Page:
New legislation for sustainable development of Mexico's real estate sector

The expected scenario for the real estate sector in Mexico City – the largest urban concentration in the country – is strong stable growth. This is due to the conclusion of policies, including the National Housing Policy begun in 2013, which seek to promote the orderly and sustainable development of the sector, its standardisation and the construction of better housing.

Housing Policy

In February 2013 the government decreed an updated housing policy consisting of “a new model focused on promoting the orderly and sustainable development of the sector to improve and standardise urban housing, as well as to build and improve rural housing.” These objectives are intended to be achieved through four strategic axes, which are:

• Development: Increasing competitiveness and promoting the permanence of existing businesses, thus avoiding the expulsion of the original population.

• Environment: Raising awareness of the importance of rationalisation in the use of natural resources and responsible waste management.

• Environment: Promoting the establishment of the existing population and new neighbours, facilitating relationships and avoiding conflicts, based on the improvement of public spaces.

• Community: Strengthening relationships through solidarity and equity by facilitating the integration and empowerment of the citizenry in activities that promote the achievement of common objectives. This policy is intended to contain the growth of what is known as the “spot of the cities” – space where housing, buildings and other urban infrastructure are located – which has been disordered in recent years. To this end, vertical housing growth will be encouraged to maximise the use of existing infrastructure for public services, roads and public transport networks.

Capital Law

In December 2016 the Legislative Assembly of the Federal District approved the New Housing Law for Mexico City. The law opens opportunities to guarantee juridical and normative certainty, promoting access to decent housing for the city’s population, encouraging coordination between different entities to promote the development of housing that satisfies the demands of the city and encouraging good planning and development of the same. The main aspects of this law are outlined below:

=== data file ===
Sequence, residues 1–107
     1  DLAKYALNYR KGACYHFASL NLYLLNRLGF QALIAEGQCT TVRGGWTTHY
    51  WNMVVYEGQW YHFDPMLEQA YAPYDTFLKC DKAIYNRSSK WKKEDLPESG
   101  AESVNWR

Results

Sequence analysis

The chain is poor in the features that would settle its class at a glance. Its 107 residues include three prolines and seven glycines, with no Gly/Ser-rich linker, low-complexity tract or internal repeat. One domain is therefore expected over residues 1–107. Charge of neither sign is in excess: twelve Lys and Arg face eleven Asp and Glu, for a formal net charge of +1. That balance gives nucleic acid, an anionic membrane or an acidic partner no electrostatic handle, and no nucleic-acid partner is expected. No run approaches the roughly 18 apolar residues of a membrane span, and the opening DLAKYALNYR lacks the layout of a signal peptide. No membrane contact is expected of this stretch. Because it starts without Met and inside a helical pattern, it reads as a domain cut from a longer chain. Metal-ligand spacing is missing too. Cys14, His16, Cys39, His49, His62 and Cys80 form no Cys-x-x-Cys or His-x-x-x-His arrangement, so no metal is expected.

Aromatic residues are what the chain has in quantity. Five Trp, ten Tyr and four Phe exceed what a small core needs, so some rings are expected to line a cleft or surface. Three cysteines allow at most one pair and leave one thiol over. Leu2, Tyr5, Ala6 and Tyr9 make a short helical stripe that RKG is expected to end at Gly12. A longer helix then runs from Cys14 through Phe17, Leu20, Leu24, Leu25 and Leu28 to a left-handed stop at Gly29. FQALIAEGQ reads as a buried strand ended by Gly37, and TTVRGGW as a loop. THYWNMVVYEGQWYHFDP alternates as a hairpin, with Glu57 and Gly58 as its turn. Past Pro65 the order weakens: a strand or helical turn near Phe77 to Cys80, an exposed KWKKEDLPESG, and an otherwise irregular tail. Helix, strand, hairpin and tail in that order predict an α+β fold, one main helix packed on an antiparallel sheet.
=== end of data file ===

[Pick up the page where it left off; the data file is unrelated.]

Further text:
• Reduction of the cost of land derived from the generation of a territorial reserve. This will allow for an increase in the supply of developments in the city and will help to reduce land speculation.

• The ordering of human settlements and the urbanisation of neighbouring areas, creating novel market niches in new areas of the city.

• The clear demarcation and designation of the different competencies of the authorities involved.

• This law reflects the vision of various actors such as academics, specialists, housing organisations, neighbours, authorities and private initiatives. A housing council will be formed to serve as an advisory body and to follow up on the use of public resources.

• It seeks to guarantee the right to decent and adequate housing for those who live in Mexico City and who, because of their socioeconomic circumstances, cannot provide this for themselves, strengthening social housing to the segment of the population with an income between 0 and 5 times the minimum wage.

• The law encourages the acquisition of housing for the thousands of families who have access to loans from the Federal Institute for Worker’s Housing or the Federal Housing Institute of Security and Social Services, or another type of credit.

• It includes the constitution of a “floor exchange” for social housing that has been restored by the city.

• It provides housing that is accessible for people with disabilities, senior citizens and the population at large via an accessible and affordable housing programme.


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The Report: Mexico 2017

Legal Framework chapter from The Report: Mexico 2017

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This article is from the Legal Framework chapter of The Report: Mexico 2017. Explore other chapters from this report.

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